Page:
'But who made the backing track?' / Emilia Predebon
I tried to learn guitar for about a year and I sucked. This felt pretty discouraging. I had always been a performative person; I was that kid who was always singing in talent shows and whatever else provided some attention. As I was getting older and learning about the contemporary music industry, the verdict seemed to be that as a female musician, you could either be a singer for someone else’s track, a member in a band or a ‘chick with a guitar’. I did not find one of these very finite options appealing. Partially because I didn’t really listen to the music attached to these roles, but also my voice isn’t different or strong enough to be the centrepiece for a track, and I lack the effortless ‘chill Brunswick girl’ demeanor that apparently dictates a female singer’s appeal in a surf rock band.
I always wanted to ‘do’ music but by the time I was 16 it felt like I had no potential. I did, however, have a raging interest in modern electronic music. YouTube had ruled my taste since 2012, especially a channel-now-label called Majestic Casual. I loved Kaytranada, Lane 8, Classixx, Odesza, Mura Masa, Cyril Hahn, Snakehips, Maths Time Joy; all on heavy circulation in my iTunes, and all very male. When I started to produce myself, a subconscious discourse existed in my attitude; there were minimal female producers to look up to, and being taken seriously by the industry may be a struggle. Ingrained gender roles are no new discovery and its no surprise they have managed to influence even a seemingly neutral medium like music. How cute. Boys are the ones to get all nerdy and technical in studio, make ‘sick beats’ in their bedrooms, then eventually get famous and have Jorja Smith sing on their tracks. It’s not a girl’s job to contribute to the nitty-gritty of production, instead it feels like their job is to be the pretty face that sells the music.
Conversation between myself and a sales assistant in DJ City:
Me: Hey I’m looking to get an interface.
Him: For what?
Me: Um like to connect my computer to a sound system I guess.
Him: Like a laptop?
Me: Yeah and a keyboard.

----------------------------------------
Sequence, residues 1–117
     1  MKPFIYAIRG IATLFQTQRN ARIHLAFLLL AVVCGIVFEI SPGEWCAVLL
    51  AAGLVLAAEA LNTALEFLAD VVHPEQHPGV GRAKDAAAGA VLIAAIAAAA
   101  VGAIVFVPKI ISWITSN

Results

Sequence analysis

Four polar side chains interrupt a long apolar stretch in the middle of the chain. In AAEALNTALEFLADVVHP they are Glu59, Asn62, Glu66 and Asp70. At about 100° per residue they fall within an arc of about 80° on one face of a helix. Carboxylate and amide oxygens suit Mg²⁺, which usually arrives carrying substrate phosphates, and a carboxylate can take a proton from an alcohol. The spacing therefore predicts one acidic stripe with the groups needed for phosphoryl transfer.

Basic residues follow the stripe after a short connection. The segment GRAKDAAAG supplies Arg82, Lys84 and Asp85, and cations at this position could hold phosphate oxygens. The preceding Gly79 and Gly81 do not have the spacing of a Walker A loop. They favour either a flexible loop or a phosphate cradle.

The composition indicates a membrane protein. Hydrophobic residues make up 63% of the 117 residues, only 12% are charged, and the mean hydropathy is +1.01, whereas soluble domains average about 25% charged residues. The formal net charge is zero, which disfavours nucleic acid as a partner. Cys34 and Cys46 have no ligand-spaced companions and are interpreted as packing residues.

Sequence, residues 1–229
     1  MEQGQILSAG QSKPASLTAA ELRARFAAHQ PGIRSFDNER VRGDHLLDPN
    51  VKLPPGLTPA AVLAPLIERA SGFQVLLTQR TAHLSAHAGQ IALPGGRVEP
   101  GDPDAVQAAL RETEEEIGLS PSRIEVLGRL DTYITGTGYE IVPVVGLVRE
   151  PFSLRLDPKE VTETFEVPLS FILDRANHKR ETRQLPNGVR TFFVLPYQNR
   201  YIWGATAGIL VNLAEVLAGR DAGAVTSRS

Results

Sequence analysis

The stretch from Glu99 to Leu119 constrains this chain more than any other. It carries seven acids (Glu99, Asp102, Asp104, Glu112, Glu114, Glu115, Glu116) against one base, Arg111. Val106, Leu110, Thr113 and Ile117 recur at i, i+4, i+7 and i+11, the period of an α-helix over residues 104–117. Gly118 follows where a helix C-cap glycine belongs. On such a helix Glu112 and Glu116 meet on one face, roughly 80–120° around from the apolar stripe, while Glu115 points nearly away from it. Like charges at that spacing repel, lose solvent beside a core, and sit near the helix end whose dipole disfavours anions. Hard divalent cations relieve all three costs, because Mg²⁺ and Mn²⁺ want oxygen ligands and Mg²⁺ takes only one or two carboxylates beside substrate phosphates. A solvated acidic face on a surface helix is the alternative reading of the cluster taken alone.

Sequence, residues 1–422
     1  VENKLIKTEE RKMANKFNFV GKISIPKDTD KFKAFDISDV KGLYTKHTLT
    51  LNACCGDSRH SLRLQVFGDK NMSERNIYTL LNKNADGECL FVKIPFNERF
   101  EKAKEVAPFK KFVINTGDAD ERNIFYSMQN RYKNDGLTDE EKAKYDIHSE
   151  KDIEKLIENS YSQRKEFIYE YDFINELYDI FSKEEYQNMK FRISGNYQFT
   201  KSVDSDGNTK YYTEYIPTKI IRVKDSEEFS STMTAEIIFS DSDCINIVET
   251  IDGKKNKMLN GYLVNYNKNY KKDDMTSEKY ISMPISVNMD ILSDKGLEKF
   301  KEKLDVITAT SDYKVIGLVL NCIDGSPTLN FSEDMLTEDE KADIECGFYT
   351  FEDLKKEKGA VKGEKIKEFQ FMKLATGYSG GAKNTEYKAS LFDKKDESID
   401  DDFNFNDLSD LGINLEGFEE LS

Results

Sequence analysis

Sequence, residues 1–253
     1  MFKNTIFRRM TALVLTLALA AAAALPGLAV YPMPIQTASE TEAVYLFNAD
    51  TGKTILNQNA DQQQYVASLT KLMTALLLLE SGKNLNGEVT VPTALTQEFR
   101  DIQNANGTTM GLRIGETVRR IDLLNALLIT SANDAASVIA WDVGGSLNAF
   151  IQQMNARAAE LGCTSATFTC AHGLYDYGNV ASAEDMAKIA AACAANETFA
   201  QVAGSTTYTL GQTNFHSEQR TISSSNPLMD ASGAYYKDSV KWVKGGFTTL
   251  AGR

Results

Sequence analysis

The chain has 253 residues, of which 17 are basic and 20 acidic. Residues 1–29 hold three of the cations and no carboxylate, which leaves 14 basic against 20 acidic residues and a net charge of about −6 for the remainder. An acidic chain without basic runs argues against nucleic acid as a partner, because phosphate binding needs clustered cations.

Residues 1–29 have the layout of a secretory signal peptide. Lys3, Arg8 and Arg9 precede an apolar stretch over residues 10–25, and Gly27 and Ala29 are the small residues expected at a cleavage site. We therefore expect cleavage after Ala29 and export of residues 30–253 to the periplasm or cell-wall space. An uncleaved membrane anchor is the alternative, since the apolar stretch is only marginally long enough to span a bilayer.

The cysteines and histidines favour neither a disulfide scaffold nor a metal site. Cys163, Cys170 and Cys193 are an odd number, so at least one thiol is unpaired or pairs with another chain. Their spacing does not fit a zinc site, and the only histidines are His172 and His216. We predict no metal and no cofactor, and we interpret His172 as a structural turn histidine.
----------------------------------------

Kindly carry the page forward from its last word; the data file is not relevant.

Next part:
Him: Oh if it’s just a keyboard you don’t need an interface. What do you need your laptop for?
Me: I run Ableton off my laptop and then MIDI in the keyboard.
Him: Just for vocals or do you use it for a backing track?
Me: No I use Ableton to produce?
Him: Oh actually?
The ‘chick with a guitar’ stereotype is holding women back. Not that singer-songwriters are illegitimate music makers, it’s just that as music evolves, it feels like we’re not evolving with it. The endlessly expanding universe of genres and production methods seems to only have one special corner for women, and that’s either being a vocalist or a singer-songwriter. Or a DJ, but only if you're hot. Even then you'll probably be mocked and belittled: “she is super cute but it’s really not that good...”, “Still a lot to learn about a set” (from comments on Nina Kraviz’s Berlin Boiler Room).
I understand that there are female producers, DJs and sound engineers out there, but it seems to be that for these women a defining element of their own personal art is their gender. For Alison Wonderland, Amelie Lens, Or:la, CC:Disco, Jayda G, Grimes, Tove Lo, etc., the general public automatically places a huge emphasis on “Omg! She’s a girl? Wild”. Think of a male producer/DJ. You’ll probably think of their music first. Then think of a female producer/DJ. You will most likely instantly picture their physical appearance. This is not an example of an individual’s sexist attitude, it’s indicative of the extent to which the emphasis is placed on a woman’s appearance in this genre of art.
Not one woman has won a Grammy for Best Producer. Why is this? The only reason I can think of is that making electronic music involves information technology. In production, so much work goes in to understanding not just the programs and equipment used, but also the physics behind mixing, recording and mastering. It’s the age-old sexist bullshit that states women can’t use computers or understand physics. And of course, this issue is exacerbated by the fact that there are so few female producers already; establishing a feedback loop. Women don’t produce because they’re not taken seriously, and then they’re not taken seriously because they don’t produce.
I would love to see a society where a woman’s physical appearance isn’t a denotive factor in her expertise as a musician. I think that things really have improved in the past 10 years or so, but I still sit there at kick-ons and hear male producer after male producer on the UE boom. It just feels as if gendered bullshit has infiltrated another aspect of art that should be completely neutral, for reasons I shouldn’t have to explain. So perhaps listen to some female producers? Back some female DJs in your city? As a girl about to completely devote her life to her music, I would be consoled to know that maybe in 10 years or so, I won’t be a rarity as a solo female producer. I hope that someday women will be taken seriously as producers, not sex symbols attached to a techno mix. And that is all.
Check out Emilia's Daisy Chains EP (2018) and short video below: